It was during Rome’s ascendancy that Christianity was born and began to spread, eventually reaching every corner of the globe. Europe’s evolution is impossible to understand without a grasp of the concurrent evolution of Christianity in both its religious and secular manifestations.
Rome’s fall in the west (Byzantium, the Eastern Roman Empire, lasted until the 1400s) led to what historians have since called the “Dark Ages.” This coincided with the rise of Islam, which threatened to overrun Europe but was stopped by an army led by Charles Martel at the Battle of Poitiers in 732. The great historian of Rome, Edward Gibbon, concluded that Martel at Poitiers saved Western Civilization. Jenkins, however, doubts that Islam with its religious and political infighting, could have held onto Europe even if it was victorious at Poitiers.
A key event in Europe’s political evolution was the creation of the Holy Roman Empire in 800. “Its heartland,” Jenkins writes, “was the German-speaking areas of central Europe . . . It had no capital, no army and no revenue.” It remained, however, a “feature of Europe’s political geography until its dismantling under Napoleon in 1806.”
Europe meanwhile was affected and threatened by a series of migrations from the east, while modern England began to take shape when William the Conqueror won the Battle of Hastings in 1066. This latter development initiated the evolution and political growth of the English-speaking peoples, the development of the common law, and the notion of limited government and the rights of the individual.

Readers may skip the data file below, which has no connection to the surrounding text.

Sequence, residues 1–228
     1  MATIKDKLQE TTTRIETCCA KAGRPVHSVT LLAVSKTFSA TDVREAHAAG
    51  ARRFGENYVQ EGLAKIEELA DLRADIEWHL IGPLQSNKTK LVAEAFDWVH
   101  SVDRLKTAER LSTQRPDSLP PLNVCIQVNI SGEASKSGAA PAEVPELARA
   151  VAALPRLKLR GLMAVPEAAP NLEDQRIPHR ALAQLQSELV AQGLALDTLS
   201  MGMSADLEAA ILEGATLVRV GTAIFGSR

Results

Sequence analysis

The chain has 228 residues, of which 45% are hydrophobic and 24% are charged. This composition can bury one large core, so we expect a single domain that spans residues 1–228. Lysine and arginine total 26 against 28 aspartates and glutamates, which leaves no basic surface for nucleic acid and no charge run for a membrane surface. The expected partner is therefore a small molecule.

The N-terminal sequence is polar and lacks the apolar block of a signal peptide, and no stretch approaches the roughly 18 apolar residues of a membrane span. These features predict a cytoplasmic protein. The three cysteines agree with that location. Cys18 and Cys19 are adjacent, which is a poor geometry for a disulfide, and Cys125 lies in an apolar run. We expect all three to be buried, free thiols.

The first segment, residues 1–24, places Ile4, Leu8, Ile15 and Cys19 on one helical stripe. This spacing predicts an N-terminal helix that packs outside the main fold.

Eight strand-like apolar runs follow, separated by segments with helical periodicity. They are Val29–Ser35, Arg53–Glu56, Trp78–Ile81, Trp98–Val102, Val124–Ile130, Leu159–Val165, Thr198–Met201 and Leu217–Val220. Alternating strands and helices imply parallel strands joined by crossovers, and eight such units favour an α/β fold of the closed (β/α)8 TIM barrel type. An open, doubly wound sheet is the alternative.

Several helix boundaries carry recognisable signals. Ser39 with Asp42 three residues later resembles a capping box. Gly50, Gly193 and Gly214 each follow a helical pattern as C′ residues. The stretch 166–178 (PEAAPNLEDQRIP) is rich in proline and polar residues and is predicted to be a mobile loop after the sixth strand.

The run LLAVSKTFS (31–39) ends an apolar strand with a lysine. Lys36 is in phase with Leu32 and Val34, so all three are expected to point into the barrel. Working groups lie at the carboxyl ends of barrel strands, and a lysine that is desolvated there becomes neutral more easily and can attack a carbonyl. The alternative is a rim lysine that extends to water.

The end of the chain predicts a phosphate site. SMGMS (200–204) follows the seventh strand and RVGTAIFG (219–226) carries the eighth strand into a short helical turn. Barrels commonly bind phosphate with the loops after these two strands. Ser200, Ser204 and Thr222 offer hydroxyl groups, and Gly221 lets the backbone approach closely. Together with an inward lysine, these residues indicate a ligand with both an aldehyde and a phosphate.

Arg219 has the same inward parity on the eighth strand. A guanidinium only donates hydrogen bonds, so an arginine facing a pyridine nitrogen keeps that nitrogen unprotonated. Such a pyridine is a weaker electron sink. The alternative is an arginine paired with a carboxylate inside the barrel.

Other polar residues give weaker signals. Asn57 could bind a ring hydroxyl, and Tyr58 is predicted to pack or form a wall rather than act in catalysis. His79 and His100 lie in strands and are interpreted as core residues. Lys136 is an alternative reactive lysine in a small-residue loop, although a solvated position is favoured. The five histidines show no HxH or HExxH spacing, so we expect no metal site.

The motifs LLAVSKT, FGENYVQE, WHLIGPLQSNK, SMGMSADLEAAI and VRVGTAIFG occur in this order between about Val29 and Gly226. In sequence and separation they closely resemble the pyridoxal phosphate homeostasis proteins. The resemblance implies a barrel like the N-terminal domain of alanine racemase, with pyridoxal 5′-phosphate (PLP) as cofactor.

Europe, Jenkins notes, gradually evolved into separate nation-states that repeatedly struggled for power and territory, while Christianity divided into Catholics and Protestants for both religious and secular reasons. Some of the wars fought by the nation-states were religion-based, but eventually reasons of state superseded religious identity.
Russia, after throwing off the Mongol yoke, emerged as a great power in the east—part European and part Asian. Jenkins describes the growth of Habsburg domains and the perennial struggle for predominance in Europe between the Habsburgs and France, with England gradually emerging as the “holder” of the European balance of power.
From the 16th century to the 20th century, aspirants to European hegemony were repeatedly defeated by coalitions of lesser powers. The wars got bigger and the stakes got higher as science and technology increased the military power of nation-states exponentially.